Emotional intelligence and the art of negotiation

BY SHELLY-ANN MOHAMMED

Wednesday, February 13, 2019

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With so much focus on the details – or lack thereof – in the UK's proposed agreement for leaving the EU, you could be forgiven for thinking that deal-making is a technocrat's art. For the negotiation teams in the UK and Europe, technical expertise and competences about the issues at stake are of course critical, but another quality is also essential— empathy. To offer agreements that work in the interest of both sides, you need to be able to see things from a perspective other than your own.

The British Prime Minister's and Parliament's negotiating and persuasion skills will remain firmly in the spotlight until a decision on Britain's future place in Europe is reached.

And at the recent G20 meeting, it was clear that how to manage bilateral relationships are top of the global agenda, with other governments and businesses across the world all needing to navigate increasingly complicated trade and political differences in ways that are ideally, mutually beneficial.

There's an increasing focus on how political leaders and their teams balance their competencies in such complex discussions. The art of diplomacy and deal-making is not just the domain of global politicians, business leaders and policymakers. We all have to negotiate on a daily basis – with our peers, our teams, with suppliers, and with customers. And for those working in accountancy and finance, the ability to negotiate successfully using empathy is a must in an age when budgets and the bottom line are under scrutiny.

To the casual observer, emotions and accountancy can seem like unrelated concepts. But to succeed in an era of increasing digitisation, today's professional accountants need recognise the importance of this valuable human quality that's notably difficult for machines to replicate.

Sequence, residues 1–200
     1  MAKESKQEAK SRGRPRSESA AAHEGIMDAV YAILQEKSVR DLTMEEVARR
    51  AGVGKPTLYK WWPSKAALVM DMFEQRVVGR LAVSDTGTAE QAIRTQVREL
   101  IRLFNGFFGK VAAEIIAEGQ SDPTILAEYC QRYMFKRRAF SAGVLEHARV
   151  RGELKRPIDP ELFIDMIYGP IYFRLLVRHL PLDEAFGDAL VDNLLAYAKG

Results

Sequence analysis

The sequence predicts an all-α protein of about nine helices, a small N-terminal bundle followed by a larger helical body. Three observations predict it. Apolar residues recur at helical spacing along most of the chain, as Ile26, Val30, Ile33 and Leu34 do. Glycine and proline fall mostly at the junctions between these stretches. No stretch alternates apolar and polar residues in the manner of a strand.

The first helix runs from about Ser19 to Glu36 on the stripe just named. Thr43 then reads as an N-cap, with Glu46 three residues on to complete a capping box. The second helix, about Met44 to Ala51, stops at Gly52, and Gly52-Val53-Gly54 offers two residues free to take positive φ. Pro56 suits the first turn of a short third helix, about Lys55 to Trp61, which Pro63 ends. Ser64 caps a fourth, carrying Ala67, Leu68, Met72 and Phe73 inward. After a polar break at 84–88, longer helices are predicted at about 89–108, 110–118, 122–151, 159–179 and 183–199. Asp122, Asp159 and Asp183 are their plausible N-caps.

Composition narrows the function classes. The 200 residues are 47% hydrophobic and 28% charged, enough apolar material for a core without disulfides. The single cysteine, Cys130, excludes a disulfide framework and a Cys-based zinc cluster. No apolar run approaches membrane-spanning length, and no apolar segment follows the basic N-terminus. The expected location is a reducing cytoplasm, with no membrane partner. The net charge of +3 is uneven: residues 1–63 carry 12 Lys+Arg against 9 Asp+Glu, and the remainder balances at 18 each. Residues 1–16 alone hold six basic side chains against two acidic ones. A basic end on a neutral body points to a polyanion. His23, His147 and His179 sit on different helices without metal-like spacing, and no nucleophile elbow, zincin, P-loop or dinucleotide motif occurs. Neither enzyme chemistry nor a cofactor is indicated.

Emotional intelligence is the ability to identify your own emotions and those of others, harness and apply them to tasks, and regulate and manage them. In our latest ACCA research into this capability, the report titled Emotional Quotient in a Digital Age identifies emotional intelligence as a key skill for developing the accountancy profession, as it is needed for a fast-evolving digital age and the impact of technology on it.

Ultimately, professional accountants need a rounded set of skills that go beyond the technical knowledge expected of them. In 2016 our groundbreaking research, Professional Accountants – the future: drivers of change and future skills, identified that finance professionals will increasingly need a broad blend of capabilities to succeed. Intellect, creativity, emotional intelligence, vision, experience, mastery of the digital world, technical skills, and a strong ethical compass are the seven key, sought-after skill areas we isolated which employers are seeking today – and in the decade ahead.

Collectively, these seven distinctive attributes come together to create the optimum blend of technical knowledge, skills and abilities the profession will need to be able to deploy.

Many people have an intuitive sense of emotional intelligence or EQ, often expressed as recognising and responding to emotions, and interacting effectively with people. But it is important to go beyond this and critically reflect on the value embedded in emotions in today's digital age. And being able to effectively harness this value is vital for success.

Developing one's EQ requires working on a range of competencies including a growth mindset, self-knowledge, perspective-taking, empathy and influence. In our research, the concept of having a growth mindset emerged as a key enabler for the development of EQ. By this, we mean feeling comfortable in one's ability to overcome obstacles, challenging one's own identity, and extending oneself into new areas.

Practising a growth mindset is also a point of high leverage – for example, improvements here can help professionals develop successfully across all emotional competencies more generally.

Experience can be an enabler for improving EQ, with higher scores for many competencies being correlated with the level of exposure to situations needing that competency. An implication of this is that EQ can be learned and, like most other skills, it can be developed and improved over time.

There's a strong case and real opportunity for those in the accountancy profession to embrace their emotional intelligence and build their EQ competencies. By doing this, they're strengthening their competitive advantage in the


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